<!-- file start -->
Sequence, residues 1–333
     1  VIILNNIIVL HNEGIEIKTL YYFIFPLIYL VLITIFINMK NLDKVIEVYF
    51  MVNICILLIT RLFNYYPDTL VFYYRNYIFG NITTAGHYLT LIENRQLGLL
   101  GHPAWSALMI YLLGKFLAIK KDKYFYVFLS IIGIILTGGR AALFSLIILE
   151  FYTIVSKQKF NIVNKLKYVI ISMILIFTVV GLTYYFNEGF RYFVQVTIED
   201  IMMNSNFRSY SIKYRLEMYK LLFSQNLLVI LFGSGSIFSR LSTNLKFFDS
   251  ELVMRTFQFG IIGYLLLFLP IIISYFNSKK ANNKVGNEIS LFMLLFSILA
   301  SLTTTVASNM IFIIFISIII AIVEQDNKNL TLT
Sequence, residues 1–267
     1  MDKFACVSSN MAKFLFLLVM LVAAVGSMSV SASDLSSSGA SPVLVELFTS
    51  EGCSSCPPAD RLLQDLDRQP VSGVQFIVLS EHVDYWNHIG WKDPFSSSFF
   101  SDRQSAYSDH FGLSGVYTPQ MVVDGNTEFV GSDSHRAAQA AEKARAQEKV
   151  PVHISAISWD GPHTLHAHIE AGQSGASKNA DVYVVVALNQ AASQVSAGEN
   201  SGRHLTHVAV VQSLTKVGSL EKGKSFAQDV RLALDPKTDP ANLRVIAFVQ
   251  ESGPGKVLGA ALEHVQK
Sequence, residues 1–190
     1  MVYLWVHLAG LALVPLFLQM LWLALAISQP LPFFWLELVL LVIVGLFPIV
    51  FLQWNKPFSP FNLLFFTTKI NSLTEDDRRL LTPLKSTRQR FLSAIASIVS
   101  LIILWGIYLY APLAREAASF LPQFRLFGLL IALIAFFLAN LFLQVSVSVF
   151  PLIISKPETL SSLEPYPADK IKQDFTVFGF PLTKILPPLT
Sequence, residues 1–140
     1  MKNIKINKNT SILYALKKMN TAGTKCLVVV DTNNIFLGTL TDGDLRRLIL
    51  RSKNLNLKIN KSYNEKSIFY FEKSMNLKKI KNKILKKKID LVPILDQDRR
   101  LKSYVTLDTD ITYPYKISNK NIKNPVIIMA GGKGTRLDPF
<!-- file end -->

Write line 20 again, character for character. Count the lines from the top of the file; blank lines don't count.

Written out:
   151  PLIISKPETL SSLEPYPADK IKQDFTVFGF PLTKILPPLT